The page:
The Swedish Alternative to Austerity
Back in Sweden again. (I travel back and forth.) What strikes me this time is the great contrast between the political and economic mood here and in the UK. Britain is gripped by ‘austerity’, and full of gloom and doom (except for the very rich). More cuts in social provision are promised, hitting the poorest and most disadvantaged, and the NHS is collapsing for want of funds. The government is using the ‘crisis’ to extend privatisation and diminish the state, on what appear to be purely ideological grounds.
In my part of England (Hull), shops are boarded up and poverty is rife. The tabloids are blaming immigrants for taking their readers' jobs and ‘sponging’ off what remains of the welfare state. Hence the line taken by the UK government in its negotiations with the rest of Europe, making the narrow issue of immigration the main one in determining whether we stay in the EU or not. The political right, in the slightly comic form of Ukip – but we should beware of comedians; look at Trump - is on the march. The chancellor of the exchequer, starting to acknowledge that the five years of cuts he has presided over probably won’t substantially revive the UK economy, is blaming ‘global’ factors for this. That seems plausible. After all, the whole Western world is suffering, isn't it?
Until you come to Sweden. I know my impression is subjective, and may mark a difference not so much between Britain and Sweden as between a very poor provincial city in one country and the capital of the other. So I’ve been looking at some statistics. Sweden’s economy grew by 4.5 per cent in the last quarter of last year – twice the rate of Germany’s. Incomes are rising. Most of this is export-driven. At the same time, ‘low interest rates have boosted consumer spending and borrowing, with house prices rising to new all-time highs' (as in southern England), though they are levelling off now. ‘Unemployment is also finally falling as the government is boosting spending on welfare and caring for a record-surge of asylum seekers from war-torn countries like Syria, Iraq and Afghanistan.’ (All this is from a recent Bloomberg report.)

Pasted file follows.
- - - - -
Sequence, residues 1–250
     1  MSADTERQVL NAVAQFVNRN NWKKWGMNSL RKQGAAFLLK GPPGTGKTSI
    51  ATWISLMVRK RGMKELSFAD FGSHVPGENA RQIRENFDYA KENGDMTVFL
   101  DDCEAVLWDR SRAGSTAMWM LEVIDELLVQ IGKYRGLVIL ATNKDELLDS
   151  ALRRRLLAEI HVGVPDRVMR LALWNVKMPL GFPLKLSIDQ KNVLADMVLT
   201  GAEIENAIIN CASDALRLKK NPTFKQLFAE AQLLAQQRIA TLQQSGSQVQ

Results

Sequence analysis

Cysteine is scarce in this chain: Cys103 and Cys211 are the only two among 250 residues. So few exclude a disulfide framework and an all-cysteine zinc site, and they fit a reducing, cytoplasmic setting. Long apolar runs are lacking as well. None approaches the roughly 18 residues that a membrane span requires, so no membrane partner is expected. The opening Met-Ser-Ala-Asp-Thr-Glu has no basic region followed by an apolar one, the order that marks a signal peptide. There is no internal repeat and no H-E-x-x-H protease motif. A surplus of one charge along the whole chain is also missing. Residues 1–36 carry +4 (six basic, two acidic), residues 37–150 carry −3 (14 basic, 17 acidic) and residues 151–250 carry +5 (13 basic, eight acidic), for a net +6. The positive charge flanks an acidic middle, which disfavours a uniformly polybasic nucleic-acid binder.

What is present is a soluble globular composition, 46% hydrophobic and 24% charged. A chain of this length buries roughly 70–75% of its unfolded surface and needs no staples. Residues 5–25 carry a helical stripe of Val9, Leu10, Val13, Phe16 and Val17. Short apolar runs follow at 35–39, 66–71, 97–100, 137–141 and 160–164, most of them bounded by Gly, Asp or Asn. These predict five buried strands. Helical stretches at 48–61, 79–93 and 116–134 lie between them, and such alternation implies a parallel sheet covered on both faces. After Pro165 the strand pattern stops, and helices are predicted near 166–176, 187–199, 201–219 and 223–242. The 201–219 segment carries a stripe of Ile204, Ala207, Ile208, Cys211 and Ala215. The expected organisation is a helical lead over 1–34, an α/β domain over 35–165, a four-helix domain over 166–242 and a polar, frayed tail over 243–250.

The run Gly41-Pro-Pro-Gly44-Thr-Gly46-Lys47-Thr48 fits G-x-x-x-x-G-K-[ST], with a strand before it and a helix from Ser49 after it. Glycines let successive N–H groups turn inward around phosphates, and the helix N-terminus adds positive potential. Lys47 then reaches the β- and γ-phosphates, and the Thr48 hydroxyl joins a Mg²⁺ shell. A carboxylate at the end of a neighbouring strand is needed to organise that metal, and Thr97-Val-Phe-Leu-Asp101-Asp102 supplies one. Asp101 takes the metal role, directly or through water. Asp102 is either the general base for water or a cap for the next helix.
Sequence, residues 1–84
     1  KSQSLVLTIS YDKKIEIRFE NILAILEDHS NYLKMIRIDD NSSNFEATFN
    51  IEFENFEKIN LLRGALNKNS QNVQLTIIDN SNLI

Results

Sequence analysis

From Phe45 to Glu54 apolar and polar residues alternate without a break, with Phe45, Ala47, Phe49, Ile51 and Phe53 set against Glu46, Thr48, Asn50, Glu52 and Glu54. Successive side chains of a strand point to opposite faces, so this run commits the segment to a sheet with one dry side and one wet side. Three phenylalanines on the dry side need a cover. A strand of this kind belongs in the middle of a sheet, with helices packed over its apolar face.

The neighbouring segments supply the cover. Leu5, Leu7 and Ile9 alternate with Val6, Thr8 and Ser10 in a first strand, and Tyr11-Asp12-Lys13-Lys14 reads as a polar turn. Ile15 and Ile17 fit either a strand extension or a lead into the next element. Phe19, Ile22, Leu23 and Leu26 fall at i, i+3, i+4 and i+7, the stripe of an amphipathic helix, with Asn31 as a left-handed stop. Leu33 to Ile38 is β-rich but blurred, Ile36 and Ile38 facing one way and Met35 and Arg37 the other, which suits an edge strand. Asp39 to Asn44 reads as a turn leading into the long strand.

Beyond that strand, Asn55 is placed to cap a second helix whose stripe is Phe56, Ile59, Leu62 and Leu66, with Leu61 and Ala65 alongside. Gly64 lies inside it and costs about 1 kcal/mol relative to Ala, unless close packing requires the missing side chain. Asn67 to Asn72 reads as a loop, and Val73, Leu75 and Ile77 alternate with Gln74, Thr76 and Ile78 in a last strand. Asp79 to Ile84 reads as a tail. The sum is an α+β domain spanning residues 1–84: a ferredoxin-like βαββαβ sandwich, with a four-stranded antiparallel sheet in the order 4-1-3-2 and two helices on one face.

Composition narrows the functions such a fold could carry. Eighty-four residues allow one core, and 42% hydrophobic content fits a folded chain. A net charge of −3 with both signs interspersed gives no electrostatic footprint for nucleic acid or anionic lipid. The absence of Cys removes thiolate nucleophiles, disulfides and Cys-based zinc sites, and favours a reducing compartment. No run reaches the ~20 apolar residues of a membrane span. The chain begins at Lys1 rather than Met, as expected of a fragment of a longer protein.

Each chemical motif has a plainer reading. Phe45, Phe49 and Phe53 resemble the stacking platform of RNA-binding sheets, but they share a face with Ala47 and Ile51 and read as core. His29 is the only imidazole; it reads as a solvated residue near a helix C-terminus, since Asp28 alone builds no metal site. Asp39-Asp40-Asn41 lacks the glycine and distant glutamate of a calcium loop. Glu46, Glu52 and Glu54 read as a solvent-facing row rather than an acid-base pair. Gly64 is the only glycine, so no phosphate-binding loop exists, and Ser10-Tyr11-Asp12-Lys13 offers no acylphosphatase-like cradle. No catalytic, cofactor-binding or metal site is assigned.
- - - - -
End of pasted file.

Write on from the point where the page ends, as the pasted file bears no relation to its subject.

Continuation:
Notice the reference to asylum seekers there. Sweden’s generous policy towards refugees is causing some social discontent – to put it mildly; neo-Nazis have been burning down their shelters – but economically, and especially as regards employment, it is seen as a plus.
The Swedish social welfare system, though nibbled away by the previous Moderaten-led government, still boasts free university education and what may be Sweden’s greatest glory: universal childcare and parental leave arrangements, for fathers equally with mothers, all funded out of taxation. Doctors and hospitals – I’ve experienced both – are less hard-pressed than in the UK. It would be wrong to pretend that there are no desperately poor people here. Some of them are Roma from Eastern Europe. The Swedes are divided over how to cope with – or look after – them. I don’t think Sweden’s reputedly high taxation is more of a burden on ordinary people than Britain's is: the last time I compared my taxes with my Swedish partner’s there was little to choose between us – and look at what they get for it. If taxes are high, then according to ‘orthodox’ economics in Britain and America, that should be a drag on growth. So should the Swedes’ short working day and long holidays. But it doesn’t seem to work like that.
Why? How come the Swedes can manage this, and the British can’t? My instincts and – if you like – prejudices veer to the Keynesian and socialist ends of the political and economic spectrums, so I should like to attribute the success to Sweden’s powerful but co-operative trade unions, tighter regulation of manufacturing and financial industries (along with the fact that it still has some manufacturing industry, and is less dependent on finance), and social security system. But what do I know?
The only lesson I want to draw from this is that there is an alternative to ‘austerity’, and all the neo-liberal values and policies tied up with it; and there is at least one place in the world where it seems to work. Maybe the Swedish model isn’t applicable to Britain, or it would require too painful a revolution to take us there. (It would have been easier pre-Thatcher.) But if so, we need to be told why.